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March 25, 2015 Practice Points

Can Hotels Legally Block Wi-Fi Hot Spots?

The FCC says no, and fines a hotel $600,000 for doing it.

By Patrick X. Fowler

On August 25, 2014, the American Hotel & Lodging Association, Marriott International, Inc., and Ryman Hospitality Properties filed a petition before the Federal Communications Commission (FCC) asking it to reinterpret section 333 as permitting the operator of a wi-fi network (such as a hotel or convention center) to manage the use of wi-fi on its premises, even if doing so “may result in ‘interference with or cause interference’ (e.g., block) to a Part 15 device (such as a wi-fi hotspot) being used by a guest on the operator’s property.” In the alternative, the hotel petition urged the commission to commence a rulemaking proceeding to amend Part 15 to specify the interference to Part 15 devices that section 333 prohibits.

That petition was subject to public comments. The comments reflect a spirited debate on the issue of regulating access to wi-fi bandwidth. Comments filed by other hotel owners were generally supportive of the petition to allow hotels and convention centers to jam wi-fi hot spots as part of “reasonable network management.” Conversely, many technology companies, such as Google and Microsoft, filed comments calling for the petition’s denial for several reasons, including (1) the unlicensed radio spectrum that wi-fi uses should be equally accessible to everyone, including both hotels and consumers; (2) blocking personal devices constitutes jamming, and signal jamming is illegal; and (3) allowing hotels to block wi-fi hotspots is against the public interest. The Cellular Telecommunications and Internet Association also voiced its opposition to the petition.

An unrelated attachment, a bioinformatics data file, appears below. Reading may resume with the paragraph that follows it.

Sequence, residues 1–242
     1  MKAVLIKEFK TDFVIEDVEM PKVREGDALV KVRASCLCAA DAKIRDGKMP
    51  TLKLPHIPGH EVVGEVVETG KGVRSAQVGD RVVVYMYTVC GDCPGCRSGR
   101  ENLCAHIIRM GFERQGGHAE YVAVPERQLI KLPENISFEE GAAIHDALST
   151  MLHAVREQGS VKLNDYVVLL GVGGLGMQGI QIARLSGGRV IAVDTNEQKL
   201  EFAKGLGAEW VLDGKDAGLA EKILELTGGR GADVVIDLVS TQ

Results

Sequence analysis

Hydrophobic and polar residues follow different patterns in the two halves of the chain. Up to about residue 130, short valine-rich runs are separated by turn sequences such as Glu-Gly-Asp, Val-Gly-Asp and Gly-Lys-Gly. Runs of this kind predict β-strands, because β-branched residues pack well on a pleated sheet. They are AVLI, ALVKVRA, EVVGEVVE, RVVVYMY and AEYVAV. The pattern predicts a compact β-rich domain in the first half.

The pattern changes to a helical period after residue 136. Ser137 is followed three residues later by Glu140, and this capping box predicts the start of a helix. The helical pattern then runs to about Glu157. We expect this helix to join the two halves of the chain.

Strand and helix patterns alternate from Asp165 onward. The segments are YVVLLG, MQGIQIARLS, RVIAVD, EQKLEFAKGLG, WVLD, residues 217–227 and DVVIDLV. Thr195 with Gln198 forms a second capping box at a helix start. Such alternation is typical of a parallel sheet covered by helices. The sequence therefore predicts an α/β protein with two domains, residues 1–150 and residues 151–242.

Notably, more than one FCC commissioner issued a statement of strong opposition to the hotel industry’s petition, including Commissioner Jessica Rosenworcel and Commission Chairman Tom Wheeler.

UPDATE: In the face of such widespread opposition, counsel for the American Hotel & Lodging Association, Marriott International, Inc., and Ryman Hospitality Properties notified the FCC by letter on January 30, 2015, that they were withdrawing the petition. While this will presumably bring the petition to an end, the docket has not yet been closed by the FCC. Even before announcing the withdrawal of the petition, Marriott International had issued a public statement on January 14, pledging not to block guests’ wi-fi devices at any of its managed hotels.

What’s the takeaway? Tension between businesses that offer wi-fi Internet access, for a price, and customers who bring their own, already-paid-for Internet connectivity is nothing new. However, the growing cyber-security risk threatens everyone who is connected to the Internet, and is forcing businesses to find new security solutions that do not involve blocking their guests’ use of their personal wi-fi devices. Once again, finding the “right” balance between security and convenience remains elusive in cyberspace.

Patrick X. Fowler, Snell & Wilmer L.L.P.

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